Resilience in the Workplace
There are many things to consider when dealing with transitional periods in the workplace – from getting the communications right, to working with employees to help them find their next career. However, possibly one of the more important aspects is ensuring the people who are at the coalface, managing and supporting their teams, receive the tools they need to enable them to do this effectively. The importance of resilience at these times should not be underestimated, so I asked Jo Clancy, our Business Change Consultant, to explain a bit more about it and the training we can provide.
What is resilience? Resilience is what gives people the psychological strength to cope with change, stress and uncertainty. Psychologists believe that people with high levels of resilience are better able to handle challenging conditions and adapt to new situations. Dealing with change or loss is an inevitable part of life, but resilience provides the ability to bounce back from any setback or change with a positive attitude and approach.
Why is it important to have resilience? Resilience is particularly important when you are going through any period of change, be it positive or negative, in your personal life or working life. It ensures coping strategies are in place to smooth the transition.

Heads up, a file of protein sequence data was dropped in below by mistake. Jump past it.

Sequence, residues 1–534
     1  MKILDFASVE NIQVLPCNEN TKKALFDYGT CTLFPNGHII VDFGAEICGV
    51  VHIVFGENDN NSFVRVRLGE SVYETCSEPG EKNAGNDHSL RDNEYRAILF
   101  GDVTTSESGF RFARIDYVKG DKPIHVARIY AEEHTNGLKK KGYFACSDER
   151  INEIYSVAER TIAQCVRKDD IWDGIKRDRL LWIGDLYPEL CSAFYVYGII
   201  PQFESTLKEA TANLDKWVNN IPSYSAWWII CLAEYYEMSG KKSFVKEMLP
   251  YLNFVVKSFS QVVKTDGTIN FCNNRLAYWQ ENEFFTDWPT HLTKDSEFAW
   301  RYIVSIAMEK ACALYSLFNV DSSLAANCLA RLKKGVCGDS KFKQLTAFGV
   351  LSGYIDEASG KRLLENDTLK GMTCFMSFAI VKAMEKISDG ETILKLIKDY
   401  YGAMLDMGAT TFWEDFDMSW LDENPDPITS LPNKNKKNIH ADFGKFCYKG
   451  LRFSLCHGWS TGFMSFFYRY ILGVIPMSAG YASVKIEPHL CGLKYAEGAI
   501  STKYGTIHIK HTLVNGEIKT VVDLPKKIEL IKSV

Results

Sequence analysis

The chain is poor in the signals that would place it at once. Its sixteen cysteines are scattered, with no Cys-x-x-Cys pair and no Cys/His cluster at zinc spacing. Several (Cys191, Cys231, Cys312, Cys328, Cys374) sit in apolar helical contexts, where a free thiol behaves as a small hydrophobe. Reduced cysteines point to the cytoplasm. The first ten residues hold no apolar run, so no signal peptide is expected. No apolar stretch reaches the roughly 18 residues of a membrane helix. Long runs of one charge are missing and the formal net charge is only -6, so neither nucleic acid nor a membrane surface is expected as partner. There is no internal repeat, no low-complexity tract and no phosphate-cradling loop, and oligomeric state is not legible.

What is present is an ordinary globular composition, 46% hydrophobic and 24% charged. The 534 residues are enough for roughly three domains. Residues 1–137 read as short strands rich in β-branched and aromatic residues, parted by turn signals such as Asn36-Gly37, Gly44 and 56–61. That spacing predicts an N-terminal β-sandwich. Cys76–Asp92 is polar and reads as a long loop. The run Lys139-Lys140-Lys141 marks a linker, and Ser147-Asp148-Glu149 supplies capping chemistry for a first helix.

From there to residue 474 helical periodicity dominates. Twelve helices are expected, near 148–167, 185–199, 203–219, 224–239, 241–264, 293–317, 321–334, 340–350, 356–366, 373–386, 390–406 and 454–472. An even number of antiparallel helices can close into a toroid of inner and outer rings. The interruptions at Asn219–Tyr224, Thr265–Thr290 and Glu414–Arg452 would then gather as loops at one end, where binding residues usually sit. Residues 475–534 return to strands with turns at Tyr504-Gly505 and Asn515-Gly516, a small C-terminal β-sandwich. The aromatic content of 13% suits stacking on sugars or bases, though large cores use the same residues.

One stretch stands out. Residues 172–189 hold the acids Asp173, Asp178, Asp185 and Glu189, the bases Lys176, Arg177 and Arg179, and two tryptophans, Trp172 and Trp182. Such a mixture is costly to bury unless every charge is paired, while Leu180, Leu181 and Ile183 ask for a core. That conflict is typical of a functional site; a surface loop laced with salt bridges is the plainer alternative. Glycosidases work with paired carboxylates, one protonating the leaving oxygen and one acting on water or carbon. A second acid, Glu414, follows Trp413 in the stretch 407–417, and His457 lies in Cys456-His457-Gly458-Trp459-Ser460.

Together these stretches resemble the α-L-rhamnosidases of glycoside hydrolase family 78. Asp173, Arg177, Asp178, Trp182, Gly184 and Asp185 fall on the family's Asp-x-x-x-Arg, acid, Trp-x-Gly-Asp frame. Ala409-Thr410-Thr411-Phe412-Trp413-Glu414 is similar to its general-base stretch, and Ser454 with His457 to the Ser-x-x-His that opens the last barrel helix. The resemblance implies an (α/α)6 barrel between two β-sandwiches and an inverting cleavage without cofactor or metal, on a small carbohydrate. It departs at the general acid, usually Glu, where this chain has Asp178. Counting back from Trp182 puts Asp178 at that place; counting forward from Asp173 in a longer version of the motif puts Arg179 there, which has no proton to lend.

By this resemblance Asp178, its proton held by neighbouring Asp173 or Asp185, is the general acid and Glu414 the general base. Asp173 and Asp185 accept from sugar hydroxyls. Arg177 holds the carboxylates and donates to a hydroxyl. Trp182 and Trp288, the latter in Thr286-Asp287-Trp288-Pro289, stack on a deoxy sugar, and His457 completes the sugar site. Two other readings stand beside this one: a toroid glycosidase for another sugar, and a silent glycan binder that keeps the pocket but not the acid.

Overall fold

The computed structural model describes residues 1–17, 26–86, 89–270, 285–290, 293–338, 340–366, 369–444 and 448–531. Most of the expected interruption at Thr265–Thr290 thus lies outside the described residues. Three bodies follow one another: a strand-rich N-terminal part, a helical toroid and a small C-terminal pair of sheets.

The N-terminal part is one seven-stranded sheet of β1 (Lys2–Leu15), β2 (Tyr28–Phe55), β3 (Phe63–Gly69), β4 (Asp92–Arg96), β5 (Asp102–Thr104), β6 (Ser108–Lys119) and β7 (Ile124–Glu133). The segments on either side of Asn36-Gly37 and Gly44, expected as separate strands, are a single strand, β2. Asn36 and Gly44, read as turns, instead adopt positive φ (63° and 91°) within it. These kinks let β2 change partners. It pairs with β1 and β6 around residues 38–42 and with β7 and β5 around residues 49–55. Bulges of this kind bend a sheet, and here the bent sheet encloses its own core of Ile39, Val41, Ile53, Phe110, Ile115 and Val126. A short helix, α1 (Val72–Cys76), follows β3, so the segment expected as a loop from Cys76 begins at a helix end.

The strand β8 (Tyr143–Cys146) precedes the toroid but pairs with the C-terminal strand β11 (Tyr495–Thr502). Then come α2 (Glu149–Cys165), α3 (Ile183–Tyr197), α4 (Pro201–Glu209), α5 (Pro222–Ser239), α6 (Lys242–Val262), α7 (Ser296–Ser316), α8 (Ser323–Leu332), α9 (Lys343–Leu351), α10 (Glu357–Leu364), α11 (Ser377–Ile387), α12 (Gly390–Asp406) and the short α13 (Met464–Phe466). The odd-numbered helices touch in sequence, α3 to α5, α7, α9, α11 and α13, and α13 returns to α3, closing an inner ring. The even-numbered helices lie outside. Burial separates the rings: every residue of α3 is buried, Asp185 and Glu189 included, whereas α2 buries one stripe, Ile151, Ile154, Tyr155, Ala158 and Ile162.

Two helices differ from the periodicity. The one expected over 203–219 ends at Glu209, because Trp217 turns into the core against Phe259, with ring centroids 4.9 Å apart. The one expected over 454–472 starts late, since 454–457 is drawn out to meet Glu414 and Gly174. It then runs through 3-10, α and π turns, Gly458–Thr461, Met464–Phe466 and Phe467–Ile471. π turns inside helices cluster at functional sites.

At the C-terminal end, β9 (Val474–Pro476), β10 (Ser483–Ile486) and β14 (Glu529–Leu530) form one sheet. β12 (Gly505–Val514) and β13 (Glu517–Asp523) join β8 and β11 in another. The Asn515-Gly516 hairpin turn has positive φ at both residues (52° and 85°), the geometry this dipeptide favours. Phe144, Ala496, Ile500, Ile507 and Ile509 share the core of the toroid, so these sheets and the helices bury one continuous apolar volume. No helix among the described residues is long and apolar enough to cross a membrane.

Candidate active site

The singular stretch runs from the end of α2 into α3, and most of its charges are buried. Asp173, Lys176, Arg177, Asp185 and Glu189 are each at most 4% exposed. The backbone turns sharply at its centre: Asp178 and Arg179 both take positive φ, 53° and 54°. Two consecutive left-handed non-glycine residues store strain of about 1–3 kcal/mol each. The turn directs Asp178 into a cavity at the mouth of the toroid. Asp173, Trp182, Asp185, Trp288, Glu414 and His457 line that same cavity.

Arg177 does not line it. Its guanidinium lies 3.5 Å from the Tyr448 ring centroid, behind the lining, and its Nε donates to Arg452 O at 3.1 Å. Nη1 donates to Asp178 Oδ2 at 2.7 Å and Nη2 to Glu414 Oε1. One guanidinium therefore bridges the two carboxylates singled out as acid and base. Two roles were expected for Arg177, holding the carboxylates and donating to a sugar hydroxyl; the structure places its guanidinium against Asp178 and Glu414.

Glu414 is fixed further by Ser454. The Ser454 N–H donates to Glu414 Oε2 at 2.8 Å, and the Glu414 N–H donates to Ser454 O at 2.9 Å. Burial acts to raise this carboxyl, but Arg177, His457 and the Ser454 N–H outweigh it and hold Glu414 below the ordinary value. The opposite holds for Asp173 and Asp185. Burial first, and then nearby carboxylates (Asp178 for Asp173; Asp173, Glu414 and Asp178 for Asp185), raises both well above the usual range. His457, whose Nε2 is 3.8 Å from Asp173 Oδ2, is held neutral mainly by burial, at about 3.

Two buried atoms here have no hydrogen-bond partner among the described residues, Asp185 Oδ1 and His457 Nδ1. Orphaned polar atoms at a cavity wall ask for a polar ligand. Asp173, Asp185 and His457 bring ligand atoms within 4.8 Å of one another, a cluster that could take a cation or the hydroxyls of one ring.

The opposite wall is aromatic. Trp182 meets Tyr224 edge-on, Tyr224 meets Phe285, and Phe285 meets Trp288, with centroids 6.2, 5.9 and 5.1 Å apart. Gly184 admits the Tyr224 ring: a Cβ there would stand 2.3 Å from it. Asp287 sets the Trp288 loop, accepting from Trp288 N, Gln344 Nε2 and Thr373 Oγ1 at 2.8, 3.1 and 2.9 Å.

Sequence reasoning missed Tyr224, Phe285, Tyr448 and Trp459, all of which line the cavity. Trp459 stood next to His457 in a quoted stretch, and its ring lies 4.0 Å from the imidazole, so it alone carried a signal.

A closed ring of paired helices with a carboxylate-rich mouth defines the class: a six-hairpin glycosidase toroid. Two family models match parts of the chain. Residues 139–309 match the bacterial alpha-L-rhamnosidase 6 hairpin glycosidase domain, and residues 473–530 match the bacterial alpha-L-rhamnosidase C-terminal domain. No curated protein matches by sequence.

When redundancies are in the offing, people are not just at risk of losing their job and therefore their income, but also losing their self-worth, confidence and trust. They become very vulnerable. They may have trouble identifying the distinction between the job and the person, and probably won’t ‘hear’ the messages they are being told properly. They will go through many emotions – or stages – and the training we provide helps them identify these and deal with them.
What are the different stages associated with change? There are seven stages associated with change. These are shock, denial, resistance, acceptance, testing, understanding and finally integration.
Why is it important that managers know and understand these stages? If you understand how people will feel and think at each of these stages, you are better positioned to understand and support them. Also, you are better placed to identify and manage your own reactions and ensure they do not adversely affect the messages you are giving to your team.
What else does the ‘Resilience for Change’ training provide? As well as recognising the stages, resilience training helps people develop coping strategies, from talking to people and sharing how it makes them feel, through to releasing negative energy thorough sport for example. Everybody is different, so there isn’t a ‘one size fits all’ approach to the training. Rather it highlights dangers and signposts people towards developing their own personal coping mechanisms.